The preferred test for allowability is explicit approval from the sponsoring agency. For all the items listed above, the charges should be explicitly justified and explained in the budget and budget narrative section of the proposal. Before any charges will be allowed against sponsored agreements, awards must provide evidence that the budget has sponsor approval. Principal Investigators and their units are responsible for ensuring that costs assigned to the project are appropriate.
To justify in proposal budgets costs that would normally be treated as indirect costs, the following items should be addressed in the budget or budget narrative:
- Because all projects require a certain level of account reconciliation, correspondence, communications, and office expenses, how does the proposed charge differ from the standard level expected to be provided by the institution for all projects?
- The job title within the HR system may imply that the effort is dedicated to administrative purposes. Is the nature of the work different from the general administrative work conducted for all sponsored projects? Are the charges necessary to meet the technical needs of the award rather than to support the administrative needs?
- The cost category (e.g., office supplies) may imply that the items are being used for administrative purposes. How will the items be used to meet the technical needs of the project? Explain in detail their relevance to the methods used in conducting the project.
- Can the proposed charges be easily and accurately documented as appropriate to the project? How will this be done?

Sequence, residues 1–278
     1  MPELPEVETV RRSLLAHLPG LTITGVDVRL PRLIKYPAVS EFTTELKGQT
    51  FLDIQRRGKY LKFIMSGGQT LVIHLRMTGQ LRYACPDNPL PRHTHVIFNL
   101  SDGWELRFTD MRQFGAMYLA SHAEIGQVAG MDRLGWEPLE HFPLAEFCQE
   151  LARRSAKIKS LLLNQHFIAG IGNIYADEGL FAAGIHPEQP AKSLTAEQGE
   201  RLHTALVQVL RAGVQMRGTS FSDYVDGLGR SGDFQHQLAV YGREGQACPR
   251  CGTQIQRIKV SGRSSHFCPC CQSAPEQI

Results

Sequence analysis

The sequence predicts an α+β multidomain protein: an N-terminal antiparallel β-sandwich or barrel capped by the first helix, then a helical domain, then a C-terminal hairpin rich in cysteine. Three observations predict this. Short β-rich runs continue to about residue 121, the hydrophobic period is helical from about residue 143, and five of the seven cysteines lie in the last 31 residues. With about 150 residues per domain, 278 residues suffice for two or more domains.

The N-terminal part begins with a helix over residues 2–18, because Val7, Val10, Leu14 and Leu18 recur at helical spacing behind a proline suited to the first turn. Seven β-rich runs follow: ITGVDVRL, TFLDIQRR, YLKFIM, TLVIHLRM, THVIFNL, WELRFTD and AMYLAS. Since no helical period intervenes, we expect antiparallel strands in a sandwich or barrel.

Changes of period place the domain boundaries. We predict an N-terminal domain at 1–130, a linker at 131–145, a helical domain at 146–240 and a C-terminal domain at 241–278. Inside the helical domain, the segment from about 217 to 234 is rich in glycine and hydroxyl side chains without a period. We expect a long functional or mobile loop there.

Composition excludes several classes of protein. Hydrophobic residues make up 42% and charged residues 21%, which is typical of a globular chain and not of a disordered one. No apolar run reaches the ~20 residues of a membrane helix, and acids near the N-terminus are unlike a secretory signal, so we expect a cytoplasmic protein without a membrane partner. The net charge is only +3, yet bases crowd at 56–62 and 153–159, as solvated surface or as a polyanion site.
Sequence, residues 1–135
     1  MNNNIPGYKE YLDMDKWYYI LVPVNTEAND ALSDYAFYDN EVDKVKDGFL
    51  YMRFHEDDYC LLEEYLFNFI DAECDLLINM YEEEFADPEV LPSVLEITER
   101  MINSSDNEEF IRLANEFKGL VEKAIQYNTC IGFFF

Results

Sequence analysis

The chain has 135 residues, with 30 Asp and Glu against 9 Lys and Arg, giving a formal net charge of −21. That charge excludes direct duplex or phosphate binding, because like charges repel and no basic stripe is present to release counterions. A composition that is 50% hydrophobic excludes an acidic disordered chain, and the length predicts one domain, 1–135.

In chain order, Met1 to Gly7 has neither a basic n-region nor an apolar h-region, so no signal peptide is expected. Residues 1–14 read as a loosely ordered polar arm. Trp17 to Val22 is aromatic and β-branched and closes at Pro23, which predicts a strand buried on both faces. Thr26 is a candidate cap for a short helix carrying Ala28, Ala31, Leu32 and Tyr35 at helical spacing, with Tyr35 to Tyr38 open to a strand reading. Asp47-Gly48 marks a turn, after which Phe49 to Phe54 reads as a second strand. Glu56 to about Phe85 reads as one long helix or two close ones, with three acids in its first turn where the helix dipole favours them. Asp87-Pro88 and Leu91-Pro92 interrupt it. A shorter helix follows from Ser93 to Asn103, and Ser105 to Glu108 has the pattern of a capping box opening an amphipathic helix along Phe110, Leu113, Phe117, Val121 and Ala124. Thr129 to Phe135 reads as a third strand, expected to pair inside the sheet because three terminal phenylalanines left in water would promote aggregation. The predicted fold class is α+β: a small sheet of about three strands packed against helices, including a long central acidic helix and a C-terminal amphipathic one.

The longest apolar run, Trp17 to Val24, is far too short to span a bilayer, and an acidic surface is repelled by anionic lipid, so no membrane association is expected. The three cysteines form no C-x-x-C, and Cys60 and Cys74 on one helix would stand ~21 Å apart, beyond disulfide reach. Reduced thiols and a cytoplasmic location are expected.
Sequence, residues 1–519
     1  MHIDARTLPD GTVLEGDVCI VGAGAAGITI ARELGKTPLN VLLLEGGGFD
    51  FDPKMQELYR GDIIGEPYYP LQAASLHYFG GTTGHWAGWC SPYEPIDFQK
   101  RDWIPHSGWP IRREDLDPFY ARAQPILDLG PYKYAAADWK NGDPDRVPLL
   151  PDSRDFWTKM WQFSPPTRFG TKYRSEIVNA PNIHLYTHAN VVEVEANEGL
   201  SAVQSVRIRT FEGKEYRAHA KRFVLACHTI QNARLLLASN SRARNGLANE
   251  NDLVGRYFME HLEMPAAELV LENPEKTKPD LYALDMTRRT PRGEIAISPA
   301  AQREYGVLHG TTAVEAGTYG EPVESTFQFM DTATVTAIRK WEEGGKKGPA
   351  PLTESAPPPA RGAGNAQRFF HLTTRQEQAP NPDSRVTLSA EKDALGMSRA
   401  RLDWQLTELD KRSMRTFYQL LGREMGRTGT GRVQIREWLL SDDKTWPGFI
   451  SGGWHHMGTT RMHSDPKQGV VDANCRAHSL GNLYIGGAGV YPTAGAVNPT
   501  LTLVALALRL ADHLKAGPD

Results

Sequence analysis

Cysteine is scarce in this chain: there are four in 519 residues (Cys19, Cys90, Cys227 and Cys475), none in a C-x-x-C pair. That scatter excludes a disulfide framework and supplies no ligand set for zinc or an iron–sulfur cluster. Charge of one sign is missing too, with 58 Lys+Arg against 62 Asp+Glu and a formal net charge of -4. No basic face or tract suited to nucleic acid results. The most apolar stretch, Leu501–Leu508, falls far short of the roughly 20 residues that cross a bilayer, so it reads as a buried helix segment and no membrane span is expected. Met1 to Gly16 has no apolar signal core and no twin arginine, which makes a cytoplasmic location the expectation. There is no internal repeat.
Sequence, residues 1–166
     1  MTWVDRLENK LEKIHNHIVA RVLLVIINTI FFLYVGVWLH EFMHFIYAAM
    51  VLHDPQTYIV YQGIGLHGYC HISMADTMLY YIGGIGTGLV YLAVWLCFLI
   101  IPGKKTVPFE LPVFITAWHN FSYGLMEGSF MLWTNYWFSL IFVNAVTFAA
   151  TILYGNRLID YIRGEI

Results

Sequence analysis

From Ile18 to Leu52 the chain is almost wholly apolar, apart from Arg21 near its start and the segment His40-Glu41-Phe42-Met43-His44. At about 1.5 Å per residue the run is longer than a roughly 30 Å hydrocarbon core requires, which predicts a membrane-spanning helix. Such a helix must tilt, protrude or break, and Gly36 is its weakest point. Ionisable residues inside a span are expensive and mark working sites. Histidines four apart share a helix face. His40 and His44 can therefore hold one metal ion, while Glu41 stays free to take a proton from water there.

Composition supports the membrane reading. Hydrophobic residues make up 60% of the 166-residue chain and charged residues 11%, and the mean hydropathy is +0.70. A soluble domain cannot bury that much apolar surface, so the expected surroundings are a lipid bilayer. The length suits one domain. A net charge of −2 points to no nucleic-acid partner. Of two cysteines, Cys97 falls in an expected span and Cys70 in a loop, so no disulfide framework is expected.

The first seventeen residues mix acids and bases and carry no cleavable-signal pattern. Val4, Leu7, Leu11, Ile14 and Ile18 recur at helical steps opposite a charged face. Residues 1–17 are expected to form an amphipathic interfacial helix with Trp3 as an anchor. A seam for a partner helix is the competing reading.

Post Award Rebudgeting
As an exception, local rebudgeting authority may sometimes be exercised by ORSP and Sponsored Programs, and can substitute for explicit sponsor approval in those instances where 1) the terms of the award allow such post-award rebudgeting flexibility, and 2) the need for the expense was not contemplated at the time the original budget was prepared. It should be noted that in most cases local rebudgeting authority is given only on grants. It is rarely allowed on contracts. On subcontracts, it is advisable to check with the appropriate ORSP or Sponsored Programs representative to discuss local rebudgeting flexibility.
This post-award authority should be used on rare occasions only and should never be used to circumvent the integrity of the proposal budgeting process.
Unacceptable direct charging practices include:
- Purchasing items simply to exhaust an unobligated balance.
- Rotating charges among projects.
- Assigning charges to a project on the basis of the remaining balance to resolve availability of funding issues or simply to avoid the loss of carry-forward balances.
- Charging the budgeted amount (in contrast to an amount based on actual usage), unless the project allows a fixed price or other type of approved reimbursement method that does not require tracking of actual charges to the project.
- Assigning charges to an award before the cost is incurred.
- Charging an expense exclusively to a single award when the expense clearly has supported other activities.
- Applying a unit "tax" to projects to distribute clerical and administrative expenses.
- Transferring an overdraft from one sponsored project to another, without express sponsor approval.
Post Expense Review Process
An annual review will be done on all Federal projects to ensure that the expenditures incurred on the projects are in accordance with the budget categories stipulated in the award document. The categories above are indicated on the Project Budget Status Report (PBSR). If those categories have not been requested through the proposal process or not indicated on the award document from the sponsor, the expenditures in those categories will be questioned by Sponsored Programs. Justification for those expenditures will be required to allow the expenses to remain on the project. If justification is not received, those expenses must be removed from the sponsored project.
All sponsored projects are subject to audit by their respective agencies. Receiving justification will not guarantee that the expenses may not be questioned at a later date. While the procedures outlined above are in place to put the University in a strong position with respect to potential disallowances, they may still occur. In the event of a disallowance, the responsibility for covering any disallowance will belong to the academic unit.